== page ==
Just a short time later we pop out onto the road and a short time after that Josh arrived followed immediately by Kathy and the rest of the gang. The sun is really baring down on us now, it is hot and we’re at pretty high elevation for Alabama (almost 2,500 feet, yeah, yeah don’t laugh too hard now!). I sit in a camp chair while Kathy pours a jug of water over my head; glorious! It had taken us over 8 hours to cover the previous 27 miles and we still had another 21 miles planned for the day! No question, we had to get moving and pick up our pace. Most likely we’d be finishing in headlamps tonight! Doh! We refilled our packs and stock up again as it’s another 12 mile+ section to the next crew access. Luckily this time the miles should be easier (based on my prior experience with this entire day’s running route (ran this route in April of ’05)). Leaving Cheaha State Park we added another trail companion as David, an elite runner in his own right, having won the 2009 Rocket City Marathon in 2:26:23, Mountain Mist 50km in 3:58:30 and other countless 5 and 10km races throughout the south-east. Suffice it say it was a honor and a privilege to share some miles with David though I’m sure it was a real challenge for him to have to travel so slow compared to the pace he’s used to! At any rate, we were soon beginning the nice, gradual descent off of Talladega Mountain and out of Cheaha State Park on some pretty awesome, winding switchback trail. This was some of the best trail we’d seen in two days; narrow, mostly rock free and pine needle covered. Simply superb. I was really starting to feel my oats in this section. The sun was less intense, there was a nice breeze and we were mostly running downhill. I decided to open up my stride a bit in this stretch and soon we were moving fairly quick down the trail. All downhills come to an end and sadly so did this section. Still the overall terrain wasn’t too bad and we continued to make pretty good time. Soon we arrived at Hillabee Creek, a rather deep creek crossing. We took the opportunity to get a five minute soak in the creek before continuing on. Very refreshing. The next several miles took us from one watershed to the next along a rather narrow canyon. The pace was swift as I was finally feeling good. I was trying to push the pace because I knew now that we’d be finishing in the dark and so I wanted to limit the extent we went into the night. Our mileage quota had us getting to the I-20 crossing for 48.7 tough miles today and we still had more than 12 miles to go and it was getting to be late afternoon! I just kept my head down and pressed and soon we emerged onto Cleburn County Road 24 where Josh and the rest of the gang were waiting for us.
I shoveled down some more calories, restocked my pack and sped off back into the woods ahead of the rest. I was making the point that we needed to hustle, the time for messing around was over; we had some work to do still just to make our minimum quota for the day. It wasn’t long before David caught up to me (no problem for him!) and soon I could hear John and Eric behind as well. I wasn’t intended to break contact so it was good everybody had caught up once again. Again I set the pace, probably a bit aggressive, but the sun was getting low and it was getting a bit dark in the woods. I’m pretty sure we were doing 9 minute miles (if not faster) on some of the easier, old 4x4 road we ran on in pieces. Whew! It was tough to keep a steady pace however as there were several short but very steep uphill sections to slow the whole train down. Still, the aggressive approach paid off because we popped out near US-431 with less than 5 miles to go for the day. It was here that John called it a day, so we thanked him and bade him farewell as we headed out to and across the highway, reloaded and refueled for the last time of the day. Headlamps donned (but turned off), we sped along the trail trying to eke out the last rays of sunlight on the trail. It’s amazing how far you can get into the twilight without a light if you just let your eyes naturally adapt to the dark. Running up front I suddenly jerked to a stop, the others nearly crashing into me, lying across the trail a few feet in front of me was a huge rat snake. No big deal, I grabbed a stick and carefully scooted him off the trail and we continued on. Ok, time to turn on the headlamps I guess! Much better now! The remaining miles were a bit slower as we had to carefully pick our way along the trail, ever cognizant of finding the trail blazes in the dark (no mean feat I might add). With many trail splits and false trails, navigation became more of a challenge than in daylight. Still it wasn’t long before we started hearing the roar of traffic on the interstate and then we were out of the woods and running down a short bit of AL-281 as it crosses I-20; the glow of our awaiting crew vehicle a beacon in the night drawing us to the end of Day Two.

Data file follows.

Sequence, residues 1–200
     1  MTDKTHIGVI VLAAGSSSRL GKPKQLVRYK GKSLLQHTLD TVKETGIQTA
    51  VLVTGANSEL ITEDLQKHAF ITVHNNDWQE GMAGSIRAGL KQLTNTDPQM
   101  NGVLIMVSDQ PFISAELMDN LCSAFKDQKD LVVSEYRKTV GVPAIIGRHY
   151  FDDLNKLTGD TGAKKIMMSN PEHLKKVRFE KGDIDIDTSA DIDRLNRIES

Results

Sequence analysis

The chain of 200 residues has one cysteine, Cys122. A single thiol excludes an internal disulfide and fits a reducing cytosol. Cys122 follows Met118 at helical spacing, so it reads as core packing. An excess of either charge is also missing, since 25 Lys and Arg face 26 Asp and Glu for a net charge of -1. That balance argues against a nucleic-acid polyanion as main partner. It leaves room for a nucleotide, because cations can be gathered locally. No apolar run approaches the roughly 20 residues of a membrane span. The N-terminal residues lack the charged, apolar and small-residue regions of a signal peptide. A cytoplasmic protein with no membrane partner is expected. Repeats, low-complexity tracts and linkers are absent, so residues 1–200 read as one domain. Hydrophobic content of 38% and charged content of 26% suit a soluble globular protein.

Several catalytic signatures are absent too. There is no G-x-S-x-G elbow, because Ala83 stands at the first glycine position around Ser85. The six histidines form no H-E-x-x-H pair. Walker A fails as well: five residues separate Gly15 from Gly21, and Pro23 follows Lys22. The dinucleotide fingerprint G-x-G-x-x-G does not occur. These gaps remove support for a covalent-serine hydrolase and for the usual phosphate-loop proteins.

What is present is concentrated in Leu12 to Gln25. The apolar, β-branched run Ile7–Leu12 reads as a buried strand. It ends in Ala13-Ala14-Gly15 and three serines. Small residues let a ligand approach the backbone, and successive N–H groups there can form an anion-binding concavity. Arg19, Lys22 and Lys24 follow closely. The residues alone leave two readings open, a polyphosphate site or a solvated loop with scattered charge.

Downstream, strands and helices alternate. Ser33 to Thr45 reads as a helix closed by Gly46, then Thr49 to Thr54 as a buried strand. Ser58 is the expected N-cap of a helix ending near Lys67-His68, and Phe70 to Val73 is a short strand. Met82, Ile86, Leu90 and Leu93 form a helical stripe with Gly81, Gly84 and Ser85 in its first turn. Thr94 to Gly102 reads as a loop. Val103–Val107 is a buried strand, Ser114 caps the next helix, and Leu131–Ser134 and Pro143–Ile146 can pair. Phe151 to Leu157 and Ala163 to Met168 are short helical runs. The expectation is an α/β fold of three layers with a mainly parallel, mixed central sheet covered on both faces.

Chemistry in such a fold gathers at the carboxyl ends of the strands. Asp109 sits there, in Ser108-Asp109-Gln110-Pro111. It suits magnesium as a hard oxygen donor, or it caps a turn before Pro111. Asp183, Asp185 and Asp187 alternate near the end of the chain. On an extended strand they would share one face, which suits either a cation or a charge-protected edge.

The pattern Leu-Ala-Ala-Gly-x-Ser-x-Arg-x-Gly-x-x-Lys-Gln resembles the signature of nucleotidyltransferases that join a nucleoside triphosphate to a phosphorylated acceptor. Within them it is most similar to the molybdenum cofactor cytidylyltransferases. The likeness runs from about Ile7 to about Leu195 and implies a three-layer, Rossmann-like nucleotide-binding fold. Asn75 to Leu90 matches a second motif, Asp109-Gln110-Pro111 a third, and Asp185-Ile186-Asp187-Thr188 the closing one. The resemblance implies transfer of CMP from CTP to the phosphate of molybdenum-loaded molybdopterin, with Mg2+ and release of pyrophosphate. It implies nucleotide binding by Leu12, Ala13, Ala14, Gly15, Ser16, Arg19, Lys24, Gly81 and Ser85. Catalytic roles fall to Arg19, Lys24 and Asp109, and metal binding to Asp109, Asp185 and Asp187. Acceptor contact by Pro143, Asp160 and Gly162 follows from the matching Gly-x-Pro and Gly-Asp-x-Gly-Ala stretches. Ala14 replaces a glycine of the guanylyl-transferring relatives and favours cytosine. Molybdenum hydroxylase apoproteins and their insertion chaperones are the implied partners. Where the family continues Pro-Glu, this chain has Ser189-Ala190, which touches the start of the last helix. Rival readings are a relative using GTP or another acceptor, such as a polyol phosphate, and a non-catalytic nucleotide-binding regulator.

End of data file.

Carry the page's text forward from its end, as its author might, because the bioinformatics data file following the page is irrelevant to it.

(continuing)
For more information about the Pinhoti Trail Adventure Run click here.